This is a discussion on Libratus within the online poker forums, in the General Poker section; Ok, all heard how cool it is and how it has beaten pro's (though I have my version) but is it any chance to try
Ok, all heard how cool it is and how it has beaten pro's (though I have my version) but is it any chance to try it? Just to test is it really so cool or it has won only once (accidentally)? Since noone tested it second or third time.
If not then for what it was created?
Yes, Libratus sounds incredible, however, does it exist as an independent and playable entity?
To build the program (Wikipedia) it took 15 million core hours of computing and during the one tournament it played it used another 4 million hours of computing to analyze the in-tournament play. I presume this is all via super-computer so the program is not set up to play anyone, anytime.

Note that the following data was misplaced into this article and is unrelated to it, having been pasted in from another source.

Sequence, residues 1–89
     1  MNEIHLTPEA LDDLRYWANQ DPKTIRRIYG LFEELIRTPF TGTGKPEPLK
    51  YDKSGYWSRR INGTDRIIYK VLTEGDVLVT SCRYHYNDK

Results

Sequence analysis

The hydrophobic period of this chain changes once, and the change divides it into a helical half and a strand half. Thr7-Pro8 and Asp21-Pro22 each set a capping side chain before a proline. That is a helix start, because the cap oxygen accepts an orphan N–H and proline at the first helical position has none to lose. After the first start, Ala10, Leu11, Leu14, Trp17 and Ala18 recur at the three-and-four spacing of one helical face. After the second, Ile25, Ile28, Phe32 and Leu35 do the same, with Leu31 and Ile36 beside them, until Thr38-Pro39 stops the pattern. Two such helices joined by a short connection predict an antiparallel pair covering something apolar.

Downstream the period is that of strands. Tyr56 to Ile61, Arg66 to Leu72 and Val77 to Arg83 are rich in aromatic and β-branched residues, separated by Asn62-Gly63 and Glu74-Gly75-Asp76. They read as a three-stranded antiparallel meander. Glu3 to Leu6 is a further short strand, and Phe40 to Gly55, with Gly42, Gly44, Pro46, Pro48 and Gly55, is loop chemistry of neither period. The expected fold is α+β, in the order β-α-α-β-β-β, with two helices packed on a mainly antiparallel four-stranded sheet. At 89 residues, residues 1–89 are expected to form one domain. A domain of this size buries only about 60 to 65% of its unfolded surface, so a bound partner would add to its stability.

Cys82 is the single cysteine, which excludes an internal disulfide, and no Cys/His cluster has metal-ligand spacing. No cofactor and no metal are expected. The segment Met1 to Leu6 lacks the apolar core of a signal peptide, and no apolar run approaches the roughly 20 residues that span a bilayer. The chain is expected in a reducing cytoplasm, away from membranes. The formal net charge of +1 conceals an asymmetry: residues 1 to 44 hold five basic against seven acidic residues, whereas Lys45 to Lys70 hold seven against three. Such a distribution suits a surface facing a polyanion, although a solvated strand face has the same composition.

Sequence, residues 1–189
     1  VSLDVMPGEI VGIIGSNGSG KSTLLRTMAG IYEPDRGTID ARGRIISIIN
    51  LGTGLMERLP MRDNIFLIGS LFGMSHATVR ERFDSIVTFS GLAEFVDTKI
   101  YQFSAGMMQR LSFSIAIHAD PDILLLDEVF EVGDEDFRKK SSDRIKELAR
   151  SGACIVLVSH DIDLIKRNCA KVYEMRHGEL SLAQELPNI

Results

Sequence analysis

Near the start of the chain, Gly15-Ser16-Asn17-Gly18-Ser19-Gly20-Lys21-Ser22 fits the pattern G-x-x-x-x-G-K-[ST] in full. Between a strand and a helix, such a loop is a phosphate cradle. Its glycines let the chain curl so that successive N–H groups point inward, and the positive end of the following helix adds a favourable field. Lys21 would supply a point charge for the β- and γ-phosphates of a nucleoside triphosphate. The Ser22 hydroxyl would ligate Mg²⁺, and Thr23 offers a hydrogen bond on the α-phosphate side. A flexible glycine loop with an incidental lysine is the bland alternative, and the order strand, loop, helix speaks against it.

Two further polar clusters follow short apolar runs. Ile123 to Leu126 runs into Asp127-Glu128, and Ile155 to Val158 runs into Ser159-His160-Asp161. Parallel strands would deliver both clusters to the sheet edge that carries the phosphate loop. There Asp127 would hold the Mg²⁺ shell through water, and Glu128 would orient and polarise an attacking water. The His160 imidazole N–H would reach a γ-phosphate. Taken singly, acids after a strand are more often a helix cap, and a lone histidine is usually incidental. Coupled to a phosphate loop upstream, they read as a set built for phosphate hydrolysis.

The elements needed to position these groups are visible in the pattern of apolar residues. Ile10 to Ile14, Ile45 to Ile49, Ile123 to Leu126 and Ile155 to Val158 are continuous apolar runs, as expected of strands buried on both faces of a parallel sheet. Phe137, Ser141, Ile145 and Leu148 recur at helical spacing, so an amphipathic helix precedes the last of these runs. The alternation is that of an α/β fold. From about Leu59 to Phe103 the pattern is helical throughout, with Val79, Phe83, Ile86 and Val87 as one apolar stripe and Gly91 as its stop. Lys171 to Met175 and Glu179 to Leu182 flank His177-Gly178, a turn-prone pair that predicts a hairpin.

However, I agree it seems a shame Libratus has not been put to more use/challenges. That said, has it simply been accepted with this much AI/computer power it could run circles around any human regarding NLHE? So it would likely be a waste of time and resources even if they sat the likes of Stephen Chidwick, Justin Bonomo and Steffen Sondheimer down to face it as they would also be chewed up and spat out within a few days?
I am sure there are countless research scientists who would love the opportunity to have several days of that much computing power at their disposal and it might simply come down to the idea they do not need to repeatedly show they can beat humans at Hold'em.
Ok, I got it. I thought maybe they sell it as challenge like: only $90.
My version was: players were tired. Yes, 120 000 hands are enough to prove something (especially that players were tired) but pro's played with one stack. And if one loses all lose. Creators of Libratus (or newsmakers) perform it as they beat all people. They don't give to try it second or third time. While if computer lose they just go and build new one.